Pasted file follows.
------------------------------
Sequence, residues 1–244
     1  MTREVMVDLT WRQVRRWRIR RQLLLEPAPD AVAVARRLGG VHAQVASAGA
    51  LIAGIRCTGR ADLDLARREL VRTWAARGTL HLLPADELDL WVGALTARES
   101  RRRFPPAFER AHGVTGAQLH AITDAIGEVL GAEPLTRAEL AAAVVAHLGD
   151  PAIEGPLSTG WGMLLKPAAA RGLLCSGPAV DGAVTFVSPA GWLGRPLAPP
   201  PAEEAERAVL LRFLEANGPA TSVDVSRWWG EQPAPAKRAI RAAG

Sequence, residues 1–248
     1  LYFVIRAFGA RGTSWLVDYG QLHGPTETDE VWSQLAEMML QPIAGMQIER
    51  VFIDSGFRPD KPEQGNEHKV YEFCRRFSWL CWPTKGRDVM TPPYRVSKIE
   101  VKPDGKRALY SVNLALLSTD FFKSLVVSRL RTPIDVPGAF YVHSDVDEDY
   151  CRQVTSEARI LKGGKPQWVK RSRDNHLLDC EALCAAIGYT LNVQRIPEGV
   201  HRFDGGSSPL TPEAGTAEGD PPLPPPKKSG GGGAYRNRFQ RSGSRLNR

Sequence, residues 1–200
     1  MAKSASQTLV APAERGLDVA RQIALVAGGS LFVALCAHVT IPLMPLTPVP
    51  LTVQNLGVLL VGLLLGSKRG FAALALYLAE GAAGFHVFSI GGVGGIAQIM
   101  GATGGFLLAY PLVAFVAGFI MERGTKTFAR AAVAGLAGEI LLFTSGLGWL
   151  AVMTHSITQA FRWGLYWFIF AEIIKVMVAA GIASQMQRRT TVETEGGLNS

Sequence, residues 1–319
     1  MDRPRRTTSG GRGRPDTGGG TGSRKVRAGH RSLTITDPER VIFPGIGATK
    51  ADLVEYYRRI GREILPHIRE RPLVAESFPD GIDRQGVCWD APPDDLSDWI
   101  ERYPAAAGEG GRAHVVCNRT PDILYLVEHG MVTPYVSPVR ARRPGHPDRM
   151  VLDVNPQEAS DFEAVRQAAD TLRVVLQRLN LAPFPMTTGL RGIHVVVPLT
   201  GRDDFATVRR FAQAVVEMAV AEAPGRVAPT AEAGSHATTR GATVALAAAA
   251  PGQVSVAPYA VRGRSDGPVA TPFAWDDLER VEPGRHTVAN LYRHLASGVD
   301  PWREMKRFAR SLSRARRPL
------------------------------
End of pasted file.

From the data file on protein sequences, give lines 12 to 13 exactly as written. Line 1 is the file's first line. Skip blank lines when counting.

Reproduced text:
   201  HRFDGGSSPL TPEAGTAEGD PPLPPPKKSG GGGAYRNRFQ RSGSRLNR

Sequence, residues 1–200